Day 4 has come to a close and unfortunately we’re nearly at the end of our week at New York’s Fast Company Innovation Festival. We’ve had a chance to hear about leadership from both Bumble CEO Whitney Wolfe Herd and Diane von Furstenberg, get a tour of the Black Girls Code Initiative at Google and hear Jennifer Garner talk about her organic brand “Farm Fresh”.
But the key standouts of the day?
Casper (The Dreamery).
Whilst we’ve previously heard from Leesa (and the great work they do at the Bowery Mission), today we got a tour of Casper’s flagship store “The Dreamery” in New York and had a chance to speak with co-founder Neil Parik about the Casper brand. Casper see themselves as a “sleep culture” company rather than a typical mattress company. Casper’s underlying goal is to ask how do they get consumers to get to sleep easier, stay asleep and then wake up easier.
Similarly to Leesa, Casper’s is innovating in it’s approach to the mattress industry. Neil and the team originally set to question the current industry norms and improve the mattress buying experience. The physical Dreamery store is designed similarly to the website – nimble and modular, with the added bonus of getting to test inside.
It was great to see inside Twitter’s New York office and undertake a session looking at the psychology of one of societies newest generations – Gen Z (those born between 1995 and 2010). Although they’re currently young at the moment with little purchasing power, there’s still some interesting findings you can start to be thinking about for the future. For example Gen Z consumers can have multiple personalities and have changing identities depending on the world / people around them. For example one identity around their friends and another identify around their family. As a result, we’re unlikely to be able to apply traditional branding techniques to them like segmentation and brand books as they’ll be in a state of constant change. And you thought millenial’s were hard work?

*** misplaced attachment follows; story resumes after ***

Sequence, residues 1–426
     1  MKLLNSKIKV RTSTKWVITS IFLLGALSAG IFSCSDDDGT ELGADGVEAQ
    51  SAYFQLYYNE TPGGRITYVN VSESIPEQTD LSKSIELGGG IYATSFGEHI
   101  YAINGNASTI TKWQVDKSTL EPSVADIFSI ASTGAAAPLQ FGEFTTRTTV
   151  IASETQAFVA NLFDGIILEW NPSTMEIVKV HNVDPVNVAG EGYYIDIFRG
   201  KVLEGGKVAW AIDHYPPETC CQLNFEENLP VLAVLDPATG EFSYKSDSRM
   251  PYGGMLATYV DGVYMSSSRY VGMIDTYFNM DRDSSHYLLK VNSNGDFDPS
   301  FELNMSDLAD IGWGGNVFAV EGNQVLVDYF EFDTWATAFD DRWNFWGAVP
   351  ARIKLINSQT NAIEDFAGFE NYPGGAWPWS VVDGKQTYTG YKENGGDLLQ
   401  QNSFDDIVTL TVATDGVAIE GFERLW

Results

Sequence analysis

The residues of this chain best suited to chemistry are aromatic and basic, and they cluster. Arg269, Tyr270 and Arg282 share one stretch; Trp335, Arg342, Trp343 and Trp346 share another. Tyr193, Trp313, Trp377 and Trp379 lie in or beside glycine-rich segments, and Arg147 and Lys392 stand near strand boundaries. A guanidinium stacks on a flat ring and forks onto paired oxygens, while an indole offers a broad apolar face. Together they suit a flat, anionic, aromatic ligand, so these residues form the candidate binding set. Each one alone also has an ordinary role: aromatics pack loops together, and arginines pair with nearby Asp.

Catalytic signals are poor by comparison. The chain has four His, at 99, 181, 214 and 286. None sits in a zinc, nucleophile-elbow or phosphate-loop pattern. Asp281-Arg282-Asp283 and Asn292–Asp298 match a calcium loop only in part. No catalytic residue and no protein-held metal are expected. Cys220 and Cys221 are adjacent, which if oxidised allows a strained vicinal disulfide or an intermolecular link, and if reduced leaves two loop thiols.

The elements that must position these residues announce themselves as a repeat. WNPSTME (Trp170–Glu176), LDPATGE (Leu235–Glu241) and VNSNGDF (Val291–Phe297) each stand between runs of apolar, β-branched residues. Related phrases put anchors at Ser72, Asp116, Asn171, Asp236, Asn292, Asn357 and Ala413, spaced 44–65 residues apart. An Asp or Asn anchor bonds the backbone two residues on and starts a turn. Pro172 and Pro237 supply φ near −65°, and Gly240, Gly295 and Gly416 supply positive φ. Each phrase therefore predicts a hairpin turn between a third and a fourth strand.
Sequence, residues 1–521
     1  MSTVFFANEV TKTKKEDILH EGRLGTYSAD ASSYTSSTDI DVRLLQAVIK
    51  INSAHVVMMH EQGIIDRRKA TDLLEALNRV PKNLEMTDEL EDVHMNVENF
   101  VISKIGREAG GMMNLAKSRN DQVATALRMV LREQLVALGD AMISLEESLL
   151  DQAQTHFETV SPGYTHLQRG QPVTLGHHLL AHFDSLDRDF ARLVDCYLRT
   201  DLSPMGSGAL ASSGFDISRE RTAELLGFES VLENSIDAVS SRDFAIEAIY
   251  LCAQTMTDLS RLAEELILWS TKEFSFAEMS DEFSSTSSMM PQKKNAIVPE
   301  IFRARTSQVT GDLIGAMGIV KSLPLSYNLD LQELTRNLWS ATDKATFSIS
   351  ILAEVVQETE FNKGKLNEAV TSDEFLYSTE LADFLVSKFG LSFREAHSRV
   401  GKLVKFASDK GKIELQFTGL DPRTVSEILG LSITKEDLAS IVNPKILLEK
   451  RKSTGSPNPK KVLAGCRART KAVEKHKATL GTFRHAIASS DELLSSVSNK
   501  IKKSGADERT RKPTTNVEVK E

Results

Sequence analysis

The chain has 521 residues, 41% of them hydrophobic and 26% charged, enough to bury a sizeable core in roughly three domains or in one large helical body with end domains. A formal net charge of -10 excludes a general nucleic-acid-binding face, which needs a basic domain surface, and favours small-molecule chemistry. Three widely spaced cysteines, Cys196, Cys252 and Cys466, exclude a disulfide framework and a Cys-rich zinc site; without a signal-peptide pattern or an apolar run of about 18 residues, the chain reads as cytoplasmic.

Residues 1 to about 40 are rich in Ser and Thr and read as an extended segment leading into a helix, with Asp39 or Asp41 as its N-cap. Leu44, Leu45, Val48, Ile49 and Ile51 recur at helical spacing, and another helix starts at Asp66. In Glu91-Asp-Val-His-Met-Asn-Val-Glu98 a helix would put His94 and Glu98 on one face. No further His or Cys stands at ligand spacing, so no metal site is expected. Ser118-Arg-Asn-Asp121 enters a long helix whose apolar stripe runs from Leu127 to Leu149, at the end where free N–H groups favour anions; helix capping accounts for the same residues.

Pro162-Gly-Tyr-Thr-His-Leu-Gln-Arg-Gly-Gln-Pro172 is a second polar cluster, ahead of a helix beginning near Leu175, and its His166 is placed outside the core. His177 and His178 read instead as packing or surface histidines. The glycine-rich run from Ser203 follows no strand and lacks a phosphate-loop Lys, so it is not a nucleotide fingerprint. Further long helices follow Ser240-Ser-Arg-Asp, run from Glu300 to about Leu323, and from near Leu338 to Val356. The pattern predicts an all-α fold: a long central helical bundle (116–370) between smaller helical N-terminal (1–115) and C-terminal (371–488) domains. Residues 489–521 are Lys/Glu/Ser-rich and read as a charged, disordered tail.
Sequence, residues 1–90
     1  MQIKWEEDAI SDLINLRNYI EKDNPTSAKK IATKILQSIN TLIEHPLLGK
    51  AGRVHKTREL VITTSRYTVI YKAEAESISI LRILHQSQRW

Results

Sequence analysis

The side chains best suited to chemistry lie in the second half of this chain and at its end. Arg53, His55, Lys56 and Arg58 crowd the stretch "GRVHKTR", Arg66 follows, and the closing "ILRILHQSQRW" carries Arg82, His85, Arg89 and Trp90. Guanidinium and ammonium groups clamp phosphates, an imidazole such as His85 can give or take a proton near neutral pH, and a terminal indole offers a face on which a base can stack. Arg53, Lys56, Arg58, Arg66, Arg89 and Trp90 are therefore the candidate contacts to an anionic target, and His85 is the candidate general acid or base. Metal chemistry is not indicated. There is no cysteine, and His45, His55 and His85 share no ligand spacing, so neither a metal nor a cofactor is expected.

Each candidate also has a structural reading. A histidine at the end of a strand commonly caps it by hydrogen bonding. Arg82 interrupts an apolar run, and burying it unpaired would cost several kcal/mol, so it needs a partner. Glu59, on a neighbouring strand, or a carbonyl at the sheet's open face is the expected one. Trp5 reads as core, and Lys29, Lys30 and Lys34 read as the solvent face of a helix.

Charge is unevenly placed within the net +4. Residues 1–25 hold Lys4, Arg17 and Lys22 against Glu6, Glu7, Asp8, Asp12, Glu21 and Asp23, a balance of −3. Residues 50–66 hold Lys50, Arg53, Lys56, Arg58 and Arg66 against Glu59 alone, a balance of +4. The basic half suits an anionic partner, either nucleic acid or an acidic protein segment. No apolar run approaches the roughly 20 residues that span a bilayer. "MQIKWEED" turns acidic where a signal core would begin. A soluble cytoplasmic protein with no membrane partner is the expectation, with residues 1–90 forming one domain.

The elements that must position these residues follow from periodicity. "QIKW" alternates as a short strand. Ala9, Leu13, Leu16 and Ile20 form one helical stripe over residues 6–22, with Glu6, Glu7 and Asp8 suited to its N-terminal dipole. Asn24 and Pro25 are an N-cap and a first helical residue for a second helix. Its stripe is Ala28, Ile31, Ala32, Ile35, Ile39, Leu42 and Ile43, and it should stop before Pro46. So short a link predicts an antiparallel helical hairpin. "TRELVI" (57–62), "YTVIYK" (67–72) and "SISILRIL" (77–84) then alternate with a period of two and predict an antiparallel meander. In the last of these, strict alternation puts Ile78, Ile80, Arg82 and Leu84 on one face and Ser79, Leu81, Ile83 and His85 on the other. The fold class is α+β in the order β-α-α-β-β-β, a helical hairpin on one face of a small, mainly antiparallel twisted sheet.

I wasn’t particularly familiar with LiveLike beforehand, but it’s a VR platform for sports broadcasters. It allows consumers to watch live sports with your family and friends in Virtual Reality. They’re relatively new and already have some pretty impressive partnerships (for example Fox Sports).
Like most virtual reality, it’s very hard to explain the concept to somebody who hasn’t used it – but I got a quick demo and let me say it’s ground breaking tech! Simply put the headset and it’s as if you’re in the stadium with other fans, except you can watch the game from any angle. It’s a great concept and shows an excellent use of VR.
When done right, VR can create a memorable experience. And as retailers, we should be looking at how we can use VR in-store to create future experiences for consumers. Definitely a tech and company you want to keep an eye on for the future.
We’ll be back tomorrow for a recap of day 5 and a general wrap up of the festival, including what we saw as the main themes over the week. If you missed our recaps of the past 3 days you can read below: